As promised on the podcast, here are a few key readings to go along with our latest podcast: The Three Strikes and You're the Chief of Staff Edition
The Three Strikes and You're the Chief of Staff Edition.

The podcast started talking about the experience and attributes of Nancy McKay, the incoming chief of staff to Premier-designate David Alward. I noted one vignette that I have always remembered about my two-hour stint of going around the Bathurst riding with McKay, observing her door-to-door canvassing.

Here is the top few paragraphs from the May 19, 2003, piece I wrote about Nancy McKay when she made her first electoral battle against Liberal Brian Kenny. (There is no way to link the story that appeared in the Moncton Times & Transcript.)

Walking around her old neighbourhood, Bathurst Tory candidate Nancy McKay is battling history and a formidable opponent as she tries to be the first Conservative politician elected in the north shore community in 70 years.

Bringing her mother, Isabel, with her as she door knocked in her childhood stomping grounds, McKay received a round of ringing endorsements.

In what could have been an awkward moment, the 48-year-old physiotherapist was forced to utilize her entire Spanish lexicon when she stopped at a residence where the person answering the door didn't speak English or French.

"Gracias," McKay said to the woman as she left. With a hearty laugh, the Tory candidate said she used every Spanish word she knew all in the name of politics.

The warm reception she received at several houses added an extra spring in her step. Yet, throughout the two-hour door-to-door tour, the overriding concern was that of automobile insurance.

McKay is locked in a fierce battle with Liberal Brian Kenny in the northern city.

Both candidates realize the winning combination for the Bathurst riding will take a strong mix of local issues, a dynamic character and an antidote to the skyrocketing insurance rates that is wreaking havoc on northern drivers.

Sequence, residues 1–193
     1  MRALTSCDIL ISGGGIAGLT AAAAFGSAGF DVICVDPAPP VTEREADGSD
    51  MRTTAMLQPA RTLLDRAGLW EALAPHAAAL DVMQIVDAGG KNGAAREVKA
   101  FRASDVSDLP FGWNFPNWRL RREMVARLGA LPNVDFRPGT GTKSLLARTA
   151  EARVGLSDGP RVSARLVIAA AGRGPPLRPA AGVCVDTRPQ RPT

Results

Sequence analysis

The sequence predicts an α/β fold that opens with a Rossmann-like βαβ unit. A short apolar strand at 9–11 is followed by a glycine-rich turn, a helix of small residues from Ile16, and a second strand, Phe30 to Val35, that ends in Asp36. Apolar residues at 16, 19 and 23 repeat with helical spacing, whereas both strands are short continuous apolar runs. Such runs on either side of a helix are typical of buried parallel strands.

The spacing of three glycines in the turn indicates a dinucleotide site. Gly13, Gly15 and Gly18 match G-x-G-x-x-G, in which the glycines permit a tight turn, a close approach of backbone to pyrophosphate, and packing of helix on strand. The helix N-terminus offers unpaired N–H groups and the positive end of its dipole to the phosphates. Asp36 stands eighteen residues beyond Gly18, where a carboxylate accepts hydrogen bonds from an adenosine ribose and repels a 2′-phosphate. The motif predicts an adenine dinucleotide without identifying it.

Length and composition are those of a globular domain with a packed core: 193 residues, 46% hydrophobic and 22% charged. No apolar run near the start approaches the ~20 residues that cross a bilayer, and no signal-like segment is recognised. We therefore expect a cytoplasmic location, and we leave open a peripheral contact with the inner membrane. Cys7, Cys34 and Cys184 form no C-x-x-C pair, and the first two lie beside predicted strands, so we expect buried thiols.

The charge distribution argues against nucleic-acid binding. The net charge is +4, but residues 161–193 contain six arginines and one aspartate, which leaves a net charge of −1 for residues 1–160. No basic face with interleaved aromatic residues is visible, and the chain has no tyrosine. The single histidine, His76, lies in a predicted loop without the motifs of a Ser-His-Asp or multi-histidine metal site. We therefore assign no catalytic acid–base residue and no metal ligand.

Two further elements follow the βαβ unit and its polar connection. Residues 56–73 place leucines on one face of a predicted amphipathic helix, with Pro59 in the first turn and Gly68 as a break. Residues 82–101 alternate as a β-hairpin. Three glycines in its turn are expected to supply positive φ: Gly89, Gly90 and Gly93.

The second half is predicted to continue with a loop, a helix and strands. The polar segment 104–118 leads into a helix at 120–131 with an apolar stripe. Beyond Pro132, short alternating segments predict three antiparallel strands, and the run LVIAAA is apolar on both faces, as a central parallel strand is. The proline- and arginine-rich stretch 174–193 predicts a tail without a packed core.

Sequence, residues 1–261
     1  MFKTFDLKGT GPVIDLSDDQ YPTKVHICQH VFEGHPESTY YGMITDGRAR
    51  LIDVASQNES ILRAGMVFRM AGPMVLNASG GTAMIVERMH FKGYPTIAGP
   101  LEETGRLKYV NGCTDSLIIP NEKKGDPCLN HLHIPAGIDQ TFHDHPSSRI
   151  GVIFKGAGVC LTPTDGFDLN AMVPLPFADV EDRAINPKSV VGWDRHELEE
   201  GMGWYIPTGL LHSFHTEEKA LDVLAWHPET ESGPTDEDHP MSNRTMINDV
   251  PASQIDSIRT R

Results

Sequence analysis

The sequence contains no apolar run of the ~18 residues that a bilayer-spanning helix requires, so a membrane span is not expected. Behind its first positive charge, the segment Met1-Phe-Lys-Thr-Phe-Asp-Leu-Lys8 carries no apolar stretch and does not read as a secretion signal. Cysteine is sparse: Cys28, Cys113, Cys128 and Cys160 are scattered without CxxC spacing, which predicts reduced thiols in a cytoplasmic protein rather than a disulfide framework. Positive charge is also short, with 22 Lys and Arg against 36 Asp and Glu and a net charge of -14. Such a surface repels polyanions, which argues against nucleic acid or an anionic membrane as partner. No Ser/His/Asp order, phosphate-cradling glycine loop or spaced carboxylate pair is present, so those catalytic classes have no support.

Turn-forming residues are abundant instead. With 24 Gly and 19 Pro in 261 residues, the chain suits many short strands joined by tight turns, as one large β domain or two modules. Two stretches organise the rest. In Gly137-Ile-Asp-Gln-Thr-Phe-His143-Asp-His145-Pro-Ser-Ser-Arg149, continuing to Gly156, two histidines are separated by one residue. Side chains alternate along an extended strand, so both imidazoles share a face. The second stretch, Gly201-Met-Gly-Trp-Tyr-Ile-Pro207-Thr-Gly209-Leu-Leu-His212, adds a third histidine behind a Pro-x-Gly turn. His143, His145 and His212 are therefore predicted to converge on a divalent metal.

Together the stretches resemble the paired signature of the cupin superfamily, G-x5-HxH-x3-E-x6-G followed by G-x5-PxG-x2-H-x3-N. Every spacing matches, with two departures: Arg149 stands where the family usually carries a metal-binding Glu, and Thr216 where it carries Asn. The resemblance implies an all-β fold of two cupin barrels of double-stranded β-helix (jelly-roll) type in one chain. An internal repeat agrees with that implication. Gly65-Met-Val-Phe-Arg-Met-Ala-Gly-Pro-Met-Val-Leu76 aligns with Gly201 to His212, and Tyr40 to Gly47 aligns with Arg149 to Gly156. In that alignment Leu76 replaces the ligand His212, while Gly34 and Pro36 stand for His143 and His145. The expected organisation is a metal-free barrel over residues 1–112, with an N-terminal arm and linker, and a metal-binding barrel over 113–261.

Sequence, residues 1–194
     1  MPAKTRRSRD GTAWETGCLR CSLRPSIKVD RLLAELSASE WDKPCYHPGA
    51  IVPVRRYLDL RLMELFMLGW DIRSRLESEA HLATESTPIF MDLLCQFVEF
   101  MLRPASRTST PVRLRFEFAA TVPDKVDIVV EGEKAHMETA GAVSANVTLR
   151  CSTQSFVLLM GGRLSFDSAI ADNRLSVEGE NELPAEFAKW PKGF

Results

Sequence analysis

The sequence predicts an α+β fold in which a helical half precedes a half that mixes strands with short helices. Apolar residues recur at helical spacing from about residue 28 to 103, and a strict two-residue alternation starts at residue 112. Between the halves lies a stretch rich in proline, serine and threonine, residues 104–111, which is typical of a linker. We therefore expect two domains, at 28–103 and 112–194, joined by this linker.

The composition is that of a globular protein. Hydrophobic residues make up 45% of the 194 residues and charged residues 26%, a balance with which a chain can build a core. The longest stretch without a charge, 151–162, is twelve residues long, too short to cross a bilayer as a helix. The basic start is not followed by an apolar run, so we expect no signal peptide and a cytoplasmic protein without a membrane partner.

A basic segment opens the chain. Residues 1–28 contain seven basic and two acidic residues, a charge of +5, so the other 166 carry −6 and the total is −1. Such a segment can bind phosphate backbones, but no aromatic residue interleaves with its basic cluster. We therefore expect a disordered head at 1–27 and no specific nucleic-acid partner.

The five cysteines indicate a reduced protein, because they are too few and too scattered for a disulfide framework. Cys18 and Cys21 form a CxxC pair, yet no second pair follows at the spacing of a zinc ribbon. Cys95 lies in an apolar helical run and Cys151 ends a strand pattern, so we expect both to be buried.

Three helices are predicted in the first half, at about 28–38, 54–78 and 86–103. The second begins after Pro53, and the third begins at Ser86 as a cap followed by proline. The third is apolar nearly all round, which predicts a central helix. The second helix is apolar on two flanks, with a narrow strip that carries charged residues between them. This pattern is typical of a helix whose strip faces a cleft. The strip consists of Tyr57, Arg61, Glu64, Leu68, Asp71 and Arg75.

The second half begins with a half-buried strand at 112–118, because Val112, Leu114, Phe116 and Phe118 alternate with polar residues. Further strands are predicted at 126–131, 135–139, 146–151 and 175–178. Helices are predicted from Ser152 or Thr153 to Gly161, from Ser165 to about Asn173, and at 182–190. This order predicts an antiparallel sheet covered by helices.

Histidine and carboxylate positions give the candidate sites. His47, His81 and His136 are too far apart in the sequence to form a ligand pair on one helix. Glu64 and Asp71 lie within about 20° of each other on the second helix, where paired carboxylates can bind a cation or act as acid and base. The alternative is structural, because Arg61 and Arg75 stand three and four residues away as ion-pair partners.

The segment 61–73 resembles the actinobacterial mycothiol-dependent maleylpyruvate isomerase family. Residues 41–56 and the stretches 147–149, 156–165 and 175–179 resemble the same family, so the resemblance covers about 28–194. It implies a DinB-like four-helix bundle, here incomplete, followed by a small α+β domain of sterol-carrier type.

As we all know now, Kenny defeated her by fewer than 100 votes in that campaign, by fewer than 200 votes in 2006 and 75 votes on Sept. 27.

The other subject switched to the Liberal-connected deputy ministers who have been given severance packages to leave their jobs.

At the time of recording, the severance packages had just been announced for the five departing deputy ministers.

A few days later, it appears that the Tories have no interest in reversing the trend of partisan appointments to NB Liquor.

We also announced our much-anticipated second "live" podcast.

It will be held in conjunction with the Fredericton Tweetup.

The event will be held on Oct. 19 from 7 p.m. to 11 p.m. at the Garrison Ale House in Fredericton.

One issue that we'll be talking about is what role, if any, social media played in the New Brunswick election campaign.

If you want to get thinking about this issue, here are two very different opinions on the subject. One comes from influential writer Malcolm Gladwell in his latest New Yorker piece: Why the revolution will not be tweeted.

Here is a counter-piece by Leo Mirani at the Guardian: Sorry, Malcolm Gladwell, the revolution may well be tweeted

If you missed the immediate post-election podcast, here is The Who is Scared to Death Now Edition.

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